Author(s): Kaube H, Keay KA, Hoskin KL, Bandler R, Goadsby PJ
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Abstract Migraine is an episodic vascular headache with a well-recognized clinical picture but a poorly understood pathogenesis. Stimulation of a pain-sensitive trigeminally innervated intracranial structure, the superior sagittal sinus (SSS), was undertaken to map the higher-order neurons potentially involved in the processing of vascular head pain. The animals were prepared for stimulation by exposure of the sinus and then maintained under alpha-chloralose anaesthesia for 24 h before SSS stimulation, perfusion and immunohistochemical processing for the detection of Fos protein. Examination of the medulla and upper cervical cord revealed marked increases in Fos-like immunoreactivity in laminae I and IIo of the trigeminal nucleus caudalis and the dorsal horn of the upper cervical spinal cord. In addition, Fos-like immunoreactivity was observed in lamina X of the upper cervical spinal cord, in the commissural and medial nuclei of the solitary tract and in the nucleus retroambigualis. The use of immunohistochemical detection of Fos has allowed visualization of several populations of neurons likely to be involved in the central neural processing of vascular headache syndromes, particularly migraine.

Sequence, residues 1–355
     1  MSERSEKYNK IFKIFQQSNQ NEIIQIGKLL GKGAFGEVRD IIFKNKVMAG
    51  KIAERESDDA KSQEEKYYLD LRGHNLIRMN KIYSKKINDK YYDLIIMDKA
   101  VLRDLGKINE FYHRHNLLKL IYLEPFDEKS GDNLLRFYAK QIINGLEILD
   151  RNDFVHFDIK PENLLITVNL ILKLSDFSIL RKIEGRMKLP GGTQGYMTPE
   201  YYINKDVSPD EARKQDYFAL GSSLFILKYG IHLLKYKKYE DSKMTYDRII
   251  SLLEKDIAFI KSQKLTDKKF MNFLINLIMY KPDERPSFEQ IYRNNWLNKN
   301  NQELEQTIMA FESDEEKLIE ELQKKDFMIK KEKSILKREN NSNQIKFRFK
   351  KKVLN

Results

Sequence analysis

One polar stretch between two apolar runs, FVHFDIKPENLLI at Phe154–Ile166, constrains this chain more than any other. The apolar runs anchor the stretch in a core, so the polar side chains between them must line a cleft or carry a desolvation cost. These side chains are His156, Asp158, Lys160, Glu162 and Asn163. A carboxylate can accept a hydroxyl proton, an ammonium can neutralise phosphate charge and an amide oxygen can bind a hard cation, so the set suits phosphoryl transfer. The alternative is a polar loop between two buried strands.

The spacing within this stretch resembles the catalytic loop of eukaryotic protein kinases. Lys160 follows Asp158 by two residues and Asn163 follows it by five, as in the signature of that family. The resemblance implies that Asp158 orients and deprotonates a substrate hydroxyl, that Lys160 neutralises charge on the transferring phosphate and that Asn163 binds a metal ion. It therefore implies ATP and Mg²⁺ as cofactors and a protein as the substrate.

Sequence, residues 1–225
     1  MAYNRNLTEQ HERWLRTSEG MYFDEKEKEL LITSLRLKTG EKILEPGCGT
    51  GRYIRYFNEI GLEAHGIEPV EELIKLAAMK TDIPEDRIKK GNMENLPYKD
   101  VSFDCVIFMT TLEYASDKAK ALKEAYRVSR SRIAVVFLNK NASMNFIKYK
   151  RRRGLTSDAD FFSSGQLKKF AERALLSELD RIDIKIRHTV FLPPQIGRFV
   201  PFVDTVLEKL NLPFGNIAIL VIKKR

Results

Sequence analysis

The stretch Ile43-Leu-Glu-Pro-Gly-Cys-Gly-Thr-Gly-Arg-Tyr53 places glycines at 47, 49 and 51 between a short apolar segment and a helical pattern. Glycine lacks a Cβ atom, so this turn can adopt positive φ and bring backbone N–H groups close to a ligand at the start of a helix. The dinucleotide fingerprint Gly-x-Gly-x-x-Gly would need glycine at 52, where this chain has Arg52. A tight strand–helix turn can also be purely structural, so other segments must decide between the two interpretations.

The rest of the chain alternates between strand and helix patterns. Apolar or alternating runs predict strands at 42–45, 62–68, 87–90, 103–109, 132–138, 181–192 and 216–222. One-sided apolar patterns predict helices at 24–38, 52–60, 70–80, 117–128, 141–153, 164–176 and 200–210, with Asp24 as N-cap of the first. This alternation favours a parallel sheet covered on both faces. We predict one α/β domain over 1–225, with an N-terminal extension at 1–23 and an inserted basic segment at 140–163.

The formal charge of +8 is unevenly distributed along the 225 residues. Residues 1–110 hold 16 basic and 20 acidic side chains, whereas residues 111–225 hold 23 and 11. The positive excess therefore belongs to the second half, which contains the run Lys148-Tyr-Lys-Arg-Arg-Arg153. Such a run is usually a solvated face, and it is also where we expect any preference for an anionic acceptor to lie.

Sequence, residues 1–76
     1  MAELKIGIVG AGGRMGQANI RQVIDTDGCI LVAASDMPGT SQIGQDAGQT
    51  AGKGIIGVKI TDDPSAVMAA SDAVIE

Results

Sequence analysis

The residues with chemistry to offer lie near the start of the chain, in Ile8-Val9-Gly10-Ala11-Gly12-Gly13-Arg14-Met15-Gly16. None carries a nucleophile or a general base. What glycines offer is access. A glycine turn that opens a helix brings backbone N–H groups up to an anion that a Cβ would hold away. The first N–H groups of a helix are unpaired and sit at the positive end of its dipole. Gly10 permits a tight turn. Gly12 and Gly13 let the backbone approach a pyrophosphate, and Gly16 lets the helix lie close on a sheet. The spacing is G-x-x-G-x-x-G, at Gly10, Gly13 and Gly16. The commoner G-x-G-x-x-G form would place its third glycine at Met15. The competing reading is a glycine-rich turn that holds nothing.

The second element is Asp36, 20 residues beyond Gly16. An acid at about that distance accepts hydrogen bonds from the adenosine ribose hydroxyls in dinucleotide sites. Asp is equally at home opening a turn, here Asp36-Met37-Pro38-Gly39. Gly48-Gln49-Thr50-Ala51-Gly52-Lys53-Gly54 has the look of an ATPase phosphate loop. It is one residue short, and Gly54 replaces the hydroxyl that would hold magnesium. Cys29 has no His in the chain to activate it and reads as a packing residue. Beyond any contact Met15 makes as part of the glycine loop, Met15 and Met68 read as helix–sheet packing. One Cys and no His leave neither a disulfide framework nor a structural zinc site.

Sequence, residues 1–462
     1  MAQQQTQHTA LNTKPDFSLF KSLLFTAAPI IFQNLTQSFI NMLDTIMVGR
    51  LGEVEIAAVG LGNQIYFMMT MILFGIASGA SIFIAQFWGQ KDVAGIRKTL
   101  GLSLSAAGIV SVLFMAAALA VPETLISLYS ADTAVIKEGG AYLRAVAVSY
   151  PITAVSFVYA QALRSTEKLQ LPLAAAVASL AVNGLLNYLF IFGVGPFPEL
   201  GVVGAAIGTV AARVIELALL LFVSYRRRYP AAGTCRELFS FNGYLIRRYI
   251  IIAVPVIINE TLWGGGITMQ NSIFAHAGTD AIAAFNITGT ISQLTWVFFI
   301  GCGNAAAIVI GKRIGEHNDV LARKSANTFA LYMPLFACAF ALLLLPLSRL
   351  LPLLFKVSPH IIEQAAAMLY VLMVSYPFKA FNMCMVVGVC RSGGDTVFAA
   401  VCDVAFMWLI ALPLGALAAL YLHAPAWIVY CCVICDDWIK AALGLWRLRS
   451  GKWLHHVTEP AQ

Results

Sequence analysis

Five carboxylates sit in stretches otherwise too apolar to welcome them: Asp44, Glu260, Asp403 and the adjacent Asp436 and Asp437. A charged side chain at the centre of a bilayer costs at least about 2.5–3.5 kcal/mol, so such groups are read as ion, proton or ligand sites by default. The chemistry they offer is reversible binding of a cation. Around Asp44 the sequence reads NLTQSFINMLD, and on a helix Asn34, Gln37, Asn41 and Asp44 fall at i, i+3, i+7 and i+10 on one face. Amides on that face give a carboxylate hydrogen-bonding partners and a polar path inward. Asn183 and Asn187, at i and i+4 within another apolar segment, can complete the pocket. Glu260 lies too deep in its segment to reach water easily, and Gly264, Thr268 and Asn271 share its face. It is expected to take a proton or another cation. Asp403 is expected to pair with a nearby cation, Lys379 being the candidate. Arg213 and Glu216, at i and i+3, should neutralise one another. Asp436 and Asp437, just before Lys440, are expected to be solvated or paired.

This article was published in Brain Res
and referenced in Journal of Neurological Disorders